Partners. Upwardly Global partners with some Fortune 500 companies, such as JP Morgan Chase, Deloitte, and Standard & Poor, as well as numerous foundations, including the Robin Hood Foundation, the Weinberg Foundation, and New York Community Trust.
“We have placed about 30 people with JP Morgan Chase alone,” Restrepo says. “We had one man who was a CPA in Indonesia before immigrating here. He worked for four years as a barista at the Starbucks in New York’s Waldorf Astoria before he joined our program. We presented him to JP Morgan Chase, which hired him as an analyst. A year later, he was promoted to assistant vice president and then transferred to London.”
Like others who complete the organization’s training program, the Indonesian CPA mentored another jobseeker, who was also hired by JP Morgan Chase. “The market is full of immigrants for those companies looking to hire an international workforce,” Restrepo says. “These companies compete in the global marketplace and see value in hiring people who are from other countries.”
Other help. Upwardly Global succeeds in helping nearly half of its clients return to their original career. For others, the organization tries to help them transition to another career.
It can be harder for some jobseekers, such as doctors, veterinarians, and lawyers to return to their profession when licensing or passing the state bar is required. Upwardly Global helped a Colombian who worked as a lawyer with a major company before immigrating to the United States. She landed a job with a nonprofit organization, where she helps immigrants with needed legal documents and other related immigration issues. “She’s not a lawyer but she gets to use her legal background in her job,” Restrepo says.
“We had a couple from Peru,” Restrepo says. “They were agricultural engineers and were accustomed to working with agricultural companies. They had developed amazing sales skills. Now they are in banking, working with numbers — skills they had developed through their sales experience.”
An experienced professional and immigrant herself, Restrepo stumbled into working with Upwardly Global. She grew up in Colombia, where her father was a doctor while her mother ran an ice cream franchise.
“My dad discouraged me from pursuing a medical career because it was so complicated,” she says. “I would like to have studied music so I could sing opera. But in Colombia people go to college and study something that can help their career in many ways. I studied industrial engineering, which was a utilitarian choice. I was grateful that I had strong engineering skills.”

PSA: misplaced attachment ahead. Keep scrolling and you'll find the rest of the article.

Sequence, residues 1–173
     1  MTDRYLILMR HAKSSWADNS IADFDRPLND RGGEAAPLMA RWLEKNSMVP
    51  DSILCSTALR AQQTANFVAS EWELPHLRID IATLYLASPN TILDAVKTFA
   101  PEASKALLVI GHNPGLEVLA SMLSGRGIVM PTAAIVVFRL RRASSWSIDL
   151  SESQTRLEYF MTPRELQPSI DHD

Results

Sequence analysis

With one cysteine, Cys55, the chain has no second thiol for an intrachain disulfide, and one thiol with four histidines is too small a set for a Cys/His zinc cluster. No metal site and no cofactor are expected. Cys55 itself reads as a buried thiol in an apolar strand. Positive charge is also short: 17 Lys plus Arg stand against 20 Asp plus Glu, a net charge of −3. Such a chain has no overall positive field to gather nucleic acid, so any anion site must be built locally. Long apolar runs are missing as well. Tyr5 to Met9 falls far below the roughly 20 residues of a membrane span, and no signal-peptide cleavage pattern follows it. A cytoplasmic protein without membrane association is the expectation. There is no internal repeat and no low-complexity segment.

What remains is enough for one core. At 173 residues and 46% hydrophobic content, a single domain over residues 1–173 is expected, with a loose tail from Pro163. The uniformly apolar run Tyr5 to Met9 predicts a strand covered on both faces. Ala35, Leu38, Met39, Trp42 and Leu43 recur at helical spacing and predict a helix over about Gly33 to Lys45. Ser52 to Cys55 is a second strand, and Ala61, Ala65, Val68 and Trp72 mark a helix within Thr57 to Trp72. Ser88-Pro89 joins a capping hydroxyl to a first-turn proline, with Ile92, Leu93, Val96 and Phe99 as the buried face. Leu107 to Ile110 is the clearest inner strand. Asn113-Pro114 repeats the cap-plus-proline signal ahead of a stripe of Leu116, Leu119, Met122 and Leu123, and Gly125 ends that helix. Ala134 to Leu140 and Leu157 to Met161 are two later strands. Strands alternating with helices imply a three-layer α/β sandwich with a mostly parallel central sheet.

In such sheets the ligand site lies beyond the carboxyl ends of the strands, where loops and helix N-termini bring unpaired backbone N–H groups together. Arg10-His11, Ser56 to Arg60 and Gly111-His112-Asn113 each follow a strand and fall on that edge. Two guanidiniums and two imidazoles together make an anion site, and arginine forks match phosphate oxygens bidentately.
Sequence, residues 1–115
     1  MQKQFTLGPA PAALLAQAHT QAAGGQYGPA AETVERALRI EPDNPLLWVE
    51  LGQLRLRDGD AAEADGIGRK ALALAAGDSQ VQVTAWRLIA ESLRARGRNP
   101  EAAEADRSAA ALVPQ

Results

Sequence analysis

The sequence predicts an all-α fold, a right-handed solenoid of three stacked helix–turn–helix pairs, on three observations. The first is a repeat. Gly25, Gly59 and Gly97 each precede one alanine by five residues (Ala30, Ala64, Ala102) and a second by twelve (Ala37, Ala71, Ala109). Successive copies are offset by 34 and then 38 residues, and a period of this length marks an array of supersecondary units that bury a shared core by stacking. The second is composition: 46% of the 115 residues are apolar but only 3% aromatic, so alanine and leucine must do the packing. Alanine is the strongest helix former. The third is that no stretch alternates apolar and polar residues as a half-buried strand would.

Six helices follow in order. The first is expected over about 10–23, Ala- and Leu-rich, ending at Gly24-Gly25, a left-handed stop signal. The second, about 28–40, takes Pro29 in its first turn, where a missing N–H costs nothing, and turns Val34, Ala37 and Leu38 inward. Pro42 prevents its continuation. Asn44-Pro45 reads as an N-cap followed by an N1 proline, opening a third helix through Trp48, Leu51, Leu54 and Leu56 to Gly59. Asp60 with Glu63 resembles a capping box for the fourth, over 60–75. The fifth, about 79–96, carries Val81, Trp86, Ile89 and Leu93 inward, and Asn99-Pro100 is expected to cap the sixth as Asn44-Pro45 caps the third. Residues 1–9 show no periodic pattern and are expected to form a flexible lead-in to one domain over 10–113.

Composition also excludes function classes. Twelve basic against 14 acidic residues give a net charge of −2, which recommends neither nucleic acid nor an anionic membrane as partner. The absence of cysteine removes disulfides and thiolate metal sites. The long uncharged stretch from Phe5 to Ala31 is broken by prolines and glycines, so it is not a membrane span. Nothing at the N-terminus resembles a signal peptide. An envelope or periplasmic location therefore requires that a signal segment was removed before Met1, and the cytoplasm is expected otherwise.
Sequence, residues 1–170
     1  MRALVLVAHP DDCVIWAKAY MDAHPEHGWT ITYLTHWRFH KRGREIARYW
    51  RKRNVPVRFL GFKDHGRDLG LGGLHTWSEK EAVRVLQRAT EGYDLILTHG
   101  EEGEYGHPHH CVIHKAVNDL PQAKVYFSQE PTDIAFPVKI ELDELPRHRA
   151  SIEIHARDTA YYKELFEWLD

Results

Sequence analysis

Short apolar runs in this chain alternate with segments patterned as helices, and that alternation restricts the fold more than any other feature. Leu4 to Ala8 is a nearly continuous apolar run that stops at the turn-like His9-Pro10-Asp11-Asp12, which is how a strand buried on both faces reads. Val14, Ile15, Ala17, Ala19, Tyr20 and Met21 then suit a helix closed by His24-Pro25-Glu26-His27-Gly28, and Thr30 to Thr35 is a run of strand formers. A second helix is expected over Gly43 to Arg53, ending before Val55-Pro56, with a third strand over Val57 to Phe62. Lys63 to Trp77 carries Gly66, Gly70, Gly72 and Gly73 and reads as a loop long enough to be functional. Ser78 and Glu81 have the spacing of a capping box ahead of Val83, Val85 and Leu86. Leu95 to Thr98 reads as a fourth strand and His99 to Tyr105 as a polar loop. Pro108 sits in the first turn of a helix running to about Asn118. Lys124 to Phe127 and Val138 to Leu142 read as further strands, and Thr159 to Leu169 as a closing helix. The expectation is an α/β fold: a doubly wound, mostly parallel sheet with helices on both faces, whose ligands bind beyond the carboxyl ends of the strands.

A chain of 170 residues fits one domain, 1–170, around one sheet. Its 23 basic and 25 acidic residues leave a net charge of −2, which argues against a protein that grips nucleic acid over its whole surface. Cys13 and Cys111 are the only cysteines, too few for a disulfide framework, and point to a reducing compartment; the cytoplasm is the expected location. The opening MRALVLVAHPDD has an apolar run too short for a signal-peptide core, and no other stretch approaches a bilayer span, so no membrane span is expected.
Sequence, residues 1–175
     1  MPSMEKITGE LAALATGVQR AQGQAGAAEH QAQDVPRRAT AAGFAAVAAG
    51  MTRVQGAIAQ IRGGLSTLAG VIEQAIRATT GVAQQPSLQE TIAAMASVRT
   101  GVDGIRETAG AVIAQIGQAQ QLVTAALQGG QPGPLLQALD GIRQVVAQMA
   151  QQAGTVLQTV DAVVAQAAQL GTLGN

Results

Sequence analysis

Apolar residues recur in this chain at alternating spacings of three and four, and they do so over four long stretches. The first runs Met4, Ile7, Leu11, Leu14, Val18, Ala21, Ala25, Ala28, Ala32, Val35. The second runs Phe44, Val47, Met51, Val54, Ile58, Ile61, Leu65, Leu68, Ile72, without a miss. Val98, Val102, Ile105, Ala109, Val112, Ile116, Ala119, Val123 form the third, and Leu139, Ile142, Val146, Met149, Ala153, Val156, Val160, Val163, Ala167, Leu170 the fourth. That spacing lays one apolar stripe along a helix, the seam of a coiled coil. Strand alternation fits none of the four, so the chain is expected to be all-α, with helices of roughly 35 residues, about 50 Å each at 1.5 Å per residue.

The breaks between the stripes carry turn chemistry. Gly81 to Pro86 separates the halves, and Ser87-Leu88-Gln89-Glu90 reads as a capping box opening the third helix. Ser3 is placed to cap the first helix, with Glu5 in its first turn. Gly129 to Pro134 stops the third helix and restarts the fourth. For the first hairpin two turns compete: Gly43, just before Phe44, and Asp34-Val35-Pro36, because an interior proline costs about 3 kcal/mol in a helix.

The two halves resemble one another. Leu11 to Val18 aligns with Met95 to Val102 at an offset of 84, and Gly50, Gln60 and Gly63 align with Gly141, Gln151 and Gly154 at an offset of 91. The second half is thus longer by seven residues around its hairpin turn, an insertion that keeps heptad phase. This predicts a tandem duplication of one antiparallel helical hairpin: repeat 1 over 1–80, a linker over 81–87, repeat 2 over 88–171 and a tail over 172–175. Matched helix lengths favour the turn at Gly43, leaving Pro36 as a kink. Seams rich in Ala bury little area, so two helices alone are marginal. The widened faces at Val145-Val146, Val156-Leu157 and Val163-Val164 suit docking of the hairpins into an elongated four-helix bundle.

She graduated with a bachelor’s in industrial engineering from the National University of Colombia in 1999. She earned a master’s in international business management from University of Bogota in 2003. Restrepo became the general manager of a restaurant company and later also worked as a general manager of a roasted/ground coffee plant. She then became the strategy manager for a nonprofit organization dedicated to the pre-incubation and incubation of new technology companies.
An old boyfriend who had emigrated to the United States reconnected with Restrepo, who decided to join him and return to school. “I came to America for love,” she says. She arrived in the United States in 2004 and received a master’s in public administration in not-for-profit management and policy from NYU in 2008.
While at NYU, her advisor put her in touch with the national headquarters of Upwardly Global in San Francisco. She accepted their offer to help launch the organization’s New York office. And she and her boyfriend soon married.
“I was lucky in that I never had to struggle to find a job once I got here,” Restrepo says. “My husband and many of my classmates, however, weren’t so fortunate. I saw what they went through so I understand.”
Looking back on her career change, she says, “In the end, I decided engineering was not the career that I wanted. I wanted to work for a nonprofit organization and help people. I’ve discovered it’s my thing.”